This is a guest post from Kelley sophomore honors student Savinay Pillay.
In the basketball world, it is safe to say that if LeBron James can recognize your face, you are doing something right. As the director of Nike’s Elite Youth Program, Mike Hackman has the opportunity to work with NBA stars, including James, and develops initiatives geared toward discovering Nike’s next big star.
On Tuesday, February 9, 2010, students in professors Darryl Neher and Jeanette Heidewald’s honors business communication classes were presented with a unique opportunity to interact with Mr. Hackman through a live Nike case presentation. The case experience examined a real-world problem that Nike faces in trying to determine the most effective means of targeting young, elite players who one day may sport the Nike brand for their college or professional teams.
The basketball recruiting landscape has continued to reinvent itself with the surge in popularity of social networking, technology, and digital media. Nike has come to an impasse on effective ways to target the next-generation athlete through these technological media, representing a significant problem for the company, as Nike places a high degree of importance on connecting with athletes at a young age. Developing relationships with high-profile athletes takes time and targeting these athletes early can help ease this process.
Each student team was required to draft an executive summary of its proposal and present the idea to a panel of judges consisting of Professor Neher or Professor Heidewald and upperclassmen. Through the case competition students were exposed to the thought processes needed to develop effective solutions in case competitions and learned how to draft concise summaries of complex ideas. Upon completion of the case, students had the opportunity to meet Mr. Hackman who debriefed the case, explaining the reasoning often implemented by Nike in addressing business questions.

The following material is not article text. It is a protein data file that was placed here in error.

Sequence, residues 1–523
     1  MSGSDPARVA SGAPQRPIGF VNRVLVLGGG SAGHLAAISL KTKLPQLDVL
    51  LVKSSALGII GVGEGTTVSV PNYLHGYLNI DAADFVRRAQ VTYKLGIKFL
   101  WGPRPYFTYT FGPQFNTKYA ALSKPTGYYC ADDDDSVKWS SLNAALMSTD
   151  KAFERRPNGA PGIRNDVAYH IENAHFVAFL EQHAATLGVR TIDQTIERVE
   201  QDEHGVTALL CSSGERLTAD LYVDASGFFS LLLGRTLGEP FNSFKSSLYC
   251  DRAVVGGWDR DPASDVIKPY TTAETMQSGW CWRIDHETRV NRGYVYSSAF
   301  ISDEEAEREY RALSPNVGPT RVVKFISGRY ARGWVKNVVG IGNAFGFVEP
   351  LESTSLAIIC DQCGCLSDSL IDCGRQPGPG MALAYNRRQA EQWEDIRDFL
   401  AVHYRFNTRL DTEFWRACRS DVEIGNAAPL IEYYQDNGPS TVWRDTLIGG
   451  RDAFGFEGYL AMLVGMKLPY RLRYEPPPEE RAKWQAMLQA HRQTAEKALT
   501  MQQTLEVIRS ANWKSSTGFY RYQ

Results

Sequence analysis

One of the most valuable lessons Mr. Hackman imparted was the thinking that all solutions must have a need. Often Nike executives hear ideas with great potential to impact the company positively; however, if there is no true need for the strategy, it will ultimately fail. My classmates and I found Mr. Hackman’s presentation to be extremely informative, as all of us learned techniques that can be implemented in future business environments.
As a student of the Kelley School of Business, there are quite a few opportunities to interact with industry leaders, but having the chance to learn from a representative of one of the world’s largest and most successful companies was undoubtedly a valuable experience. Not only did students develop an understanding of the thought process necessary to solve business problems, but we were also able to develop communication skills that will prove valuable in our future careers. It is one thing to read about Nike in class and the Wall Street Journal, but to gain experience with a Nike executive was an incredible opportunity that I am so very grateful to have experienced.